Human Factors in Two-Way Radio Communications
The Human factors database of worldly experience has proven to us all time and again, that four factors ensure that even the most skilled professionals are ultimately exposed to making errors and mistakes.
The factors are:
- inherent limitations of human memory,
- effects of stress and fatigue,
- risks associated with distractions and interruptions,
- limited ability to multitask
One way to limit this occurrence is to adopt effective Two-Way Communication methods that create a well-understood environment, reduce the chances of error and, consequently, support an accomplished Safety Management System (SMS).
When analysing Two-Way Communication in general, the following factors are highlighted namely:
- The receiver will feedback the information as passed to the sender, which forms what can be defined as a `Closed Feedback Loop`.
- By making any relevant corrections during this conversational period, the sender and receiver can be said to be working together in order to achieve the same outcome.
- This `Closed Feedback Loop` ultimately prevents any misunderstanding that could occur by the receiver, should they have erroneously misinterpreted any part of the original message.
When applying these factors in Two Way Communications on frequency, there are several Human Factor considerations that become apparent: (NOTE: the list that follows is non-exhaustive)
- The overpowering thought that when you speak on frequency, that there may be others listening out that are more proficient than yourself, according to you
- `Stage Fright` - attempting to speak on frequency, but being overcome by an emotion that exposes doubt, resulting the proverbial `Uhm` as an outcome.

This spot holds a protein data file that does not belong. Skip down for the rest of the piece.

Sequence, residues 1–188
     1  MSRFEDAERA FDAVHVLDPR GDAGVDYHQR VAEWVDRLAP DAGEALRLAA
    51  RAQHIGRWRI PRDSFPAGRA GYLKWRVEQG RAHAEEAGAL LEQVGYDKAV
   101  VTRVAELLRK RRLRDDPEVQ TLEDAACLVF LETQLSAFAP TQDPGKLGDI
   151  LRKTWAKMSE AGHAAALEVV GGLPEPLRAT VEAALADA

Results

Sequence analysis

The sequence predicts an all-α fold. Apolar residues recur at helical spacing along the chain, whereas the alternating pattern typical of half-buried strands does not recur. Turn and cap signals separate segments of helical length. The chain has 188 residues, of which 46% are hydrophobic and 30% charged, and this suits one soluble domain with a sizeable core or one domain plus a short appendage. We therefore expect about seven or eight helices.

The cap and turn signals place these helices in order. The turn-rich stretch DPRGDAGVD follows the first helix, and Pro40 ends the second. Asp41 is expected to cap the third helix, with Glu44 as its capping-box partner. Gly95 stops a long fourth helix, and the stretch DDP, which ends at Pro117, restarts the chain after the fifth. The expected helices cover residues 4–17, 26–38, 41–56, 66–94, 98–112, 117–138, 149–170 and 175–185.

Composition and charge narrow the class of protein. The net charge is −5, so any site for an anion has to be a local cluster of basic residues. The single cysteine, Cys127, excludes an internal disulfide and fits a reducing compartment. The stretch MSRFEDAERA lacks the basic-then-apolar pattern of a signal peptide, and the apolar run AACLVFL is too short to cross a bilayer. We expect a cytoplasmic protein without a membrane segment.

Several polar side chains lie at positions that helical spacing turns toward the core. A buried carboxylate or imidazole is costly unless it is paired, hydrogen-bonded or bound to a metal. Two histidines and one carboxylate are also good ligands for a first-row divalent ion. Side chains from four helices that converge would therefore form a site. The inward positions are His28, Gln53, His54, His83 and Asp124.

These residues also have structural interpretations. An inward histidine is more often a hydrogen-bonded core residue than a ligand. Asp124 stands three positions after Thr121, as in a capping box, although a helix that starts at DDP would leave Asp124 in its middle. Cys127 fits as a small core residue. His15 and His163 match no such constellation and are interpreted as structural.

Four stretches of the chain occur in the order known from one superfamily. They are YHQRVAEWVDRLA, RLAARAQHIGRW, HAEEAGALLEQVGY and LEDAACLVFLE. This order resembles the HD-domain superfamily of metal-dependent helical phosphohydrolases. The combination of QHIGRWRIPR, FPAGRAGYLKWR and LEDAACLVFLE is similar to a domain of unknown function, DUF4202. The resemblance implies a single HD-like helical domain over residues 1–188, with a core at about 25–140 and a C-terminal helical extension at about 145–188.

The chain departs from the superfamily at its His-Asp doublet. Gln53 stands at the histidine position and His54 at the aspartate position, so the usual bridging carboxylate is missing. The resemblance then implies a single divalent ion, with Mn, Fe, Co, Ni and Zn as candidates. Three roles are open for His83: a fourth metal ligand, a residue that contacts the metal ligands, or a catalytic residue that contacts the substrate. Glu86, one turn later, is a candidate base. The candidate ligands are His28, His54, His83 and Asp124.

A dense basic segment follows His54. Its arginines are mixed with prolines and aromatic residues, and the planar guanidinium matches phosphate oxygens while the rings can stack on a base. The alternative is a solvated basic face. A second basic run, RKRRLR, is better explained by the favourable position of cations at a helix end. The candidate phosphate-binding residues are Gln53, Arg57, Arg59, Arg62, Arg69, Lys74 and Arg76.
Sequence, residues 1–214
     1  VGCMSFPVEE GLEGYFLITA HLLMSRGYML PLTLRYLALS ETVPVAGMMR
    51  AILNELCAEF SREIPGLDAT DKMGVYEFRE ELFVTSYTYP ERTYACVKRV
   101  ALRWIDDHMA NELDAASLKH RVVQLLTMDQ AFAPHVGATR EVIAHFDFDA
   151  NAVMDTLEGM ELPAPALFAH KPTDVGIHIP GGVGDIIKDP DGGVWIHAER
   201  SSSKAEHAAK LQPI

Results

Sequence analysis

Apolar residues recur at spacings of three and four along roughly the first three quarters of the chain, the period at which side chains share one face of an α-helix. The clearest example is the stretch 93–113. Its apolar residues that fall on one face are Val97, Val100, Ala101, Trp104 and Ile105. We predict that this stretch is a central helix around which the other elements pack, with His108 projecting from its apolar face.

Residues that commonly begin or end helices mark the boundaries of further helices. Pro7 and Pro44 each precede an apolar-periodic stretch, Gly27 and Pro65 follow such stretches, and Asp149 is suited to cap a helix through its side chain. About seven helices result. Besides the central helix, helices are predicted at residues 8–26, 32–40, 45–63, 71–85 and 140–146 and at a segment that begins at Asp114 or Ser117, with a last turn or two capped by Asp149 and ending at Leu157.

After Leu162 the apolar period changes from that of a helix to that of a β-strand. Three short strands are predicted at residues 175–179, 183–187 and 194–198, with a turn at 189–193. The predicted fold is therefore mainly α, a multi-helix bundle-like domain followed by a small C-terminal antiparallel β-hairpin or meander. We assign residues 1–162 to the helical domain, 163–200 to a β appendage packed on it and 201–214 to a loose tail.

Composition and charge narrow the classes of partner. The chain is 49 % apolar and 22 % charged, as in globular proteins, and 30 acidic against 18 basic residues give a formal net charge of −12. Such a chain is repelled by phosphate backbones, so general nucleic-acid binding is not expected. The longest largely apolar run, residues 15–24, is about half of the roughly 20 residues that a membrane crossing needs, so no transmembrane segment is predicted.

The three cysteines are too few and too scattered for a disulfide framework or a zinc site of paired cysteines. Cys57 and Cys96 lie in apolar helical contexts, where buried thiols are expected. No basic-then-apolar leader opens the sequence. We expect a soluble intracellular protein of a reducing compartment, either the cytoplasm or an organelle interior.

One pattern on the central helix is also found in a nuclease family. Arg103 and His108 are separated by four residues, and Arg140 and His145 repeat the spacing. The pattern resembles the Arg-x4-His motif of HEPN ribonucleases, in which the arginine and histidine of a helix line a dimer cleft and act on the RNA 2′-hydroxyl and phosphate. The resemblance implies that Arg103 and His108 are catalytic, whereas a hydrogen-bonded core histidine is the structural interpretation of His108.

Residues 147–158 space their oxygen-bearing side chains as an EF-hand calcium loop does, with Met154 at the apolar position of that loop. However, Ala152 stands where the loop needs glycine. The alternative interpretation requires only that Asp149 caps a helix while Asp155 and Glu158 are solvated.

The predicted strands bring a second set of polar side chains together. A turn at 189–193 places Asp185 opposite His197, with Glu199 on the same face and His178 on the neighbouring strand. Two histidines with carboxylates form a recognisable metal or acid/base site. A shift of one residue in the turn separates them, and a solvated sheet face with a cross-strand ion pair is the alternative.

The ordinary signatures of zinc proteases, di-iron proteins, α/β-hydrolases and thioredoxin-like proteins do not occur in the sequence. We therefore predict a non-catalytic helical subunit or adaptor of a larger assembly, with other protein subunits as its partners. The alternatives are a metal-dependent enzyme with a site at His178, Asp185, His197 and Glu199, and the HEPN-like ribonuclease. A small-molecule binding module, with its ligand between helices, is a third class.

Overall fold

- An accurate understanding of English which may not necessarily be your first language
- A good understanding of Radio Terminology, (RT), and how to apply it effectively
- The possibility of your transmission being corrected by someone else on frequency
- The concept of being `Live` on frequency as soon as you select the Push To Talk, (PTT) switch
- The likelihood that others may know you by identifying your name on frequency, which could lead to an expectation according to you
- The possibility of being challenged on frequency and not knowing how to manage, or respond to the situation
- Being exposed to an unplanned emergency, that requires your urgent response to others on frequency.
- The amplification processes that need to be considered when making a transmission on frequency.
When reviewing each of these 10 points that have been highlighted here, it is evident that FEAR is one of the key determining factors in the resultant outcome of Two-Way Communications on frequency. This phenomenon is unfortunately a variable that cannot readily be avoided; however, it can be prevented through pro-active training and guidance by those qualified personnel who, through prior exposure, have learnt the art of managing two-way communications on frequency with a determined, and balanced approach.
In a world where the Push to Talk (PTT) switch appears to be mightier than the sword, experienced individuals involved in all aspects of personnel training, need to consider not only teaching what needs to be said during two way frequency communications, but they also need to focus on support solutions and mechanisms geared towards overcoming the Human Factor element pertaining to this subject.
For further information on this thought-provoking subject keep a lookout for our related technical book, due to be released soon.
- Dylan Kemlo